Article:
The only not-for-profit water company in England and Wales has hosted a group of sixth formers to work with its Board to help it make big decisions on its future.
Dŵr Cymru Welsh Water invited 15 young people from schools across South Wales, aged 16-18,to form the Youth Board to advise the Board of Glas Cymru – which owns Welsh Water for the sole purpose of running it as a not-for-profit company – on how to tackle significant issues facing the company in the future.
Sixth formers from several schools across South Wales applied, including Cardiff High School, Monmouth School, St Julian’s School in Newport, Fitzalan High School in Cardiff, Bassaleg School and Cwmbran High School.
The Youth Board acted as a forum for future generations of Welsh Water customers to debate long-term company plans. It gives the company an insight into a new generation of customers which has grown up in the digital age – which has seen the way customers communicate with the company changing rapidly, and where customer expectations have risen significantly.
The sixth formers have been working over the summer on improving Welsh Water’s flagship Let’s Stop the Block campaign; which encourages and educates customers of the importance of not flushing wet wipes and cotton buds down the toilet, as well as not pouring fat and grease down the sink, to reduce unnecessary blockages in the pipe network.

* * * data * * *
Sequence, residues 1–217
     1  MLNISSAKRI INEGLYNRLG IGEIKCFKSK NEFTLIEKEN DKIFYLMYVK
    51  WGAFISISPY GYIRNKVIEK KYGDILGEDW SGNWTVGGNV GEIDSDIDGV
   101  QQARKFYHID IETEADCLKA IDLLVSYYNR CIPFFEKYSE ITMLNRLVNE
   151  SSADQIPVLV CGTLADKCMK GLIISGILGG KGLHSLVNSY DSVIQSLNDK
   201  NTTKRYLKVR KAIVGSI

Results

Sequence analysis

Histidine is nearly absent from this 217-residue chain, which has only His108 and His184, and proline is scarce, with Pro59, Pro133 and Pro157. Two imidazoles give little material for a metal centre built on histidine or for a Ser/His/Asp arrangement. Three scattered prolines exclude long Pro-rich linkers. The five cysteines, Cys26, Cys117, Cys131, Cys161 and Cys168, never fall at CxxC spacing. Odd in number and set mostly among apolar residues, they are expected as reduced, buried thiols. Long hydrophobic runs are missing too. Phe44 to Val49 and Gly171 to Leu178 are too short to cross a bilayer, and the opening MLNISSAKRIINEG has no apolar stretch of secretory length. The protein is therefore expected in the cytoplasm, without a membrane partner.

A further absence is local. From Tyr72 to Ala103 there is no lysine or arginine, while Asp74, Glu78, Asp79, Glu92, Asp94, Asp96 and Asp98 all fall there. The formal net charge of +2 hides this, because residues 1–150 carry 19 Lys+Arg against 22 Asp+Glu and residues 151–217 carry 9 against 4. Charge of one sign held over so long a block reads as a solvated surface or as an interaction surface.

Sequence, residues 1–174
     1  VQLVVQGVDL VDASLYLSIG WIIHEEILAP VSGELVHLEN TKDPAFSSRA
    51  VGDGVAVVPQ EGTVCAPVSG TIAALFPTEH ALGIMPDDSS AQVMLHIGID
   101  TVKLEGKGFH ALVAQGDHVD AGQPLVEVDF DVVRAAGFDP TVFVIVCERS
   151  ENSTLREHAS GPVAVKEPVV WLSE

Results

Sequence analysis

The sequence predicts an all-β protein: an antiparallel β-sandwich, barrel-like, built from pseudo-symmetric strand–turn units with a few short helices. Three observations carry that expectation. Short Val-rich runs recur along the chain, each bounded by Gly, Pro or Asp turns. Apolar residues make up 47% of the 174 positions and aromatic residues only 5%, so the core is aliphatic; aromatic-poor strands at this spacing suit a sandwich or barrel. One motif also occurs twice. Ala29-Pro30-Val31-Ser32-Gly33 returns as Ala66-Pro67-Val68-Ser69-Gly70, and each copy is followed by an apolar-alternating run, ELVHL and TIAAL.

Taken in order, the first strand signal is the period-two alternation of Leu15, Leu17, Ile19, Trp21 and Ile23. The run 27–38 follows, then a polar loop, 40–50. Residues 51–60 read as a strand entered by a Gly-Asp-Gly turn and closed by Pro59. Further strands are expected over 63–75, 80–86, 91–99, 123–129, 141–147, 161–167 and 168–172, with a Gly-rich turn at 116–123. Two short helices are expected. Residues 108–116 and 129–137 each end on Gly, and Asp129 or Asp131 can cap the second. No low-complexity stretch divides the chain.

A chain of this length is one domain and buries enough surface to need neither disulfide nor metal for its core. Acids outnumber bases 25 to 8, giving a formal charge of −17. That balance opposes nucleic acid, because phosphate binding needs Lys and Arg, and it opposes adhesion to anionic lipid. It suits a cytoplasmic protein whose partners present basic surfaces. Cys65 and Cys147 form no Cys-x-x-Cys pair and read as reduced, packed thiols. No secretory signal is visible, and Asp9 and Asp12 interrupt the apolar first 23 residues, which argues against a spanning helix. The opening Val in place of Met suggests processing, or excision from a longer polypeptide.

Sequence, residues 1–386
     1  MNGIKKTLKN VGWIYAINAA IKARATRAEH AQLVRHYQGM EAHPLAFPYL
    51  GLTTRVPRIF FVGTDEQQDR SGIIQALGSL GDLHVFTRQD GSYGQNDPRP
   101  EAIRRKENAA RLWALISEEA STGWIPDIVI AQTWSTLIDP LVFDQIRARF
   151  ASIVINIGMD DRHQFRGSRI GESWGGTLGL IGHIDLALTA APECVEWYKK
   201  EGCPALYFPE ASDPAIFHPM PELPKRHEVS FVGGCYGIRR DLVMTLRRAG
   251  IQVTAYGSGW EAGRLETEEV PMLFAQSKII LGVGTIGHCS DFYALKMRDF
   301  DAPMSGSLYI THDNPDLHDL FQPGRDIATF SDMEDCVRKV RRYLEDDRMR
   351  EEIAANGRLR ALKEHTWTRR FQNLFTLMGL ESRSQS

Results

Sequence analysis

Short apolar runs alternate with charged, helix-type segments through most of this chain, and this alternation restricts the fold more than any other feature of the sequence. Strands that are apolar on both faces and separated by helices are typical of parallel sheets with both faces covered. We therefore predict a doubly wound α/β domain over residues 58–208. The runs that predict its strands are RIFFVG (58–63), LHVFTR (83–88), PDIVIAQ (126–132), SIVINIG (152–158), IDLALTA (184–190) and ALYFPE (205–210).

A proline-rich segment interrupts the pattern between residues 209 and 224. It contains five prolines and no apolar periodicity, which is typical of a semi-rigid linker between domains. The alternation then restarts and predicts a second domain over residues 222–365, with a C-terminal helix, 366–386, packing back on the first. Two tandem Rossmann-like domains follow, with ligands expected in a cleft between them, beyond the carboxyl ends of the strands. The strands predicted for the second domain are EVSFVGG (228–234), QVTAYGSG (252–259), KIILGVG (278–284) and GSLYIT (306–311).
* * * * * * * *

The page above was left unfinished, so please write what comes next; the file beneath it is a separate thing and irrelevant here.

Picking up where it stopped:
The group then met with directors of Welsh Water to present ideas and solutions to improve the business for the future.
The students will be able to use this valuable experience of working on a Board when applying for university or apprenticeship places, as well as for future job applications. The skills acquired through working on the Youth Board will help those considering a career in business management, engineering or customer services.
Toby Black from Cardiff High said: “I saw the Youth Board on the school’s Twitter account and thought it was something unusual to help with my skills in the world of work.
“I think if Welsh Water can get the perspective of young people, it allows them to design improvements around a group whose opinions aren’t usually taken into account and it allows for a wider breadth of innovation.”
Alun Shurmer, Welsh Water’s Director of Customer Strategy and Communications, said: “Our world is changing at a rapid pace – with the digital revolution ushering in new and innovative ways for customers to communicate with us – and we need to respond to that.
“The new Youth Board will have a unique insight into how we respond to this ever-changing world – where we will be expected to deliver high-quality services in an era of high political, economic and climate volatility. They will be our customers in this world – so we look forward to getting a fantastic insight into how we need to respond to their needs.”